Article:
Leaders preparing for the World Water Forum in 2009 pleaded on Tuesday for rich nations to make universal access to clean water a top priority, calling it one of the world's most pressing challenges.
ISTANBUL, Turkey -- Leaders preparing for the World Water Forum in 2009 pleaded on Tuesday for rich nations to make universal access to clean water a top priority, calling it one of the world's most pressing challenges.
"The lack of water or its poor quality causes 10 times more deaths than all the wars waged on this planet together," said Loic Fauchon, president of the World Water Council, speaking at the forum's initial preparatory meeting in Istanbul.
Fauchon called for development of policies that relied on "man's genius and his capability to invent new solutions," saying it had become a moral imperative to place water at the center of the public and political debate.
Fauchon suggested that the solutions would be found in technological development, such as processes that might be able to tap water buried deep in the earth, separate water from salt, and transport fresh water over great distances.
The conservation group World Wide Fund for Nature issued a report on Tuesday warning that manmade effects on the environment could destroy some of the world's most important rivers in coming decades, causing severe water shortages and the rapid extinction of fish and other species. It called on governments to step up efforts to preserve rivers, lakes and wetlands that provide millions of people with drinking water, sanitation and sustenance.
Fauchon warned that the necessary actions would not be without cost.
"We will have to pay more to access water, more for its distribution, its treatment and sanitation," he said. "We must be able to say that, explain it and provide the right justifications."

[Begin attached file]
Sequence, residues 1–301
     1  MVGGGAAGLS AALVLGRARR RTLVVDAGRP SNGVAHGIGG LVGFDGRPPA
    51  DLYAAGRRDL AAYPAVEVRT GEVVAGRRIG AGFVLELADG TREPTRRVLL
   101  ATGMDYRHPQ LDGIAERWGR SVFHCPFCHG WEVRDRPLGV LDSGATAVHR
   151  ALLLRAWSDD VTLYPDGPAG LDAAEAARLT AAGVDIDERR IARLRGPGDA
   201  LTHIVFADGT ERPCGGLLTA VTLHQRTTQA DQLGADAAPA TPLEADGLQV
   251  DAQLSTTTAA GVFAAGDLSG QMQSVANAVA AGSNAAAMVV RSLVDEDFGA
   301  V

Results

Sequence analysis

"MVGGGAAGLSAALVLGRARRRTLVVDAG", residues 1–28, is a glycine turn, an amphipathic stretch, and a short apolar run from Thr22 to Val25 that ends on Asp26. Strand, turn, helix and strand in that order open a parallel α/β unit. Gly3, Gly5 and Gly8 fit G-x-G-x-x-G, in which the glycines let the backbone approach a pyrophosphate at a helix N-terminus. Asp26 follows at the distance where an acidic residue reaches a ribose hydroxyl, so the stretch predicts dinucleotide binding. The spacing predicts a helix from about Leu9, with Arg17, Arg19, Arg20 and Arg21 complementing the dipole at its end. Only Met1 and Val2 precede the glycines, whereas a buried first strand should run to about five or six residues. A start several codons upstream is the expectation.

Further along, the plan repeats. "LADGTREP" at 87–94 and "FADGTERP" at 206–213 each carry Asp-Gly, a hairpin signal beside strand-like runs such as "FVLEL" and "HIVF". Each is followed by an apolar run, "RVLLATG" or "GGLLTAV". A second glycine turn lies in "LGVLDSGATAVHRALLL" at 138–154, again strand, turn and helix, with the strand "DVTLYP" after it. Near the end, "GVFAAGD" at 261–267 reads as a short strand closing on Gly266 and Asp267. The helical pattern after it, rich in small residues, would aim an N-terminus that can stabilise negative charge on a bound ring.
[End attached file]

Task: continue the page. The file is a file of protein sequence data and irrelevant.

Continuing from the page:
Hilmi Guler, Turkey's minister of energy and water issues, said the forum, which was devised to be the world's pre-eminent think-tank on water issues, would be an opportunity for countries to discuss common problems and work toward common and equitable solutions.
"As you know the world has a common agenda now," he said. "This agenda is water and global warming. We have to work together."
Guler said he expected 20,000 participants at the 2009 meeting, a number that would match the last forum held in Mexico City in 2006. The forum is held every three years.
Turkey, which is bordered by three seas, is a country of crucial strategic significance for water issues.
Iraq and Syria have often accused it of holding back too much water in dams on the Euphrates and Tigris rivers, an allegation Turkey denies.
Tuesday's agenda-setting meeting coincided with the opening of a massive water pipeline project, called the "Melen Drinking Water Project," to transport fresh water from Anatolian Turkey in a tunnel underneath the Bosporus waterway and into European Istanbul. Mayor Kadir Topbas said the project was "insurance for Istanbul's future."
More and more water is needed to meet the needs of rising populations in towns and cities near rivers, and global warming is expected to have a significant impact on fisheries in places such as Africa, where even small changes in temperature can dramatically alter water levels and fish productivity.
The World Water Council says 1.1 billion people lack access to clean water, and 2.6 billion more do not have basic sanitation. Every minute, 15 people die due to water-related diseases, it says.
Source: Associated Press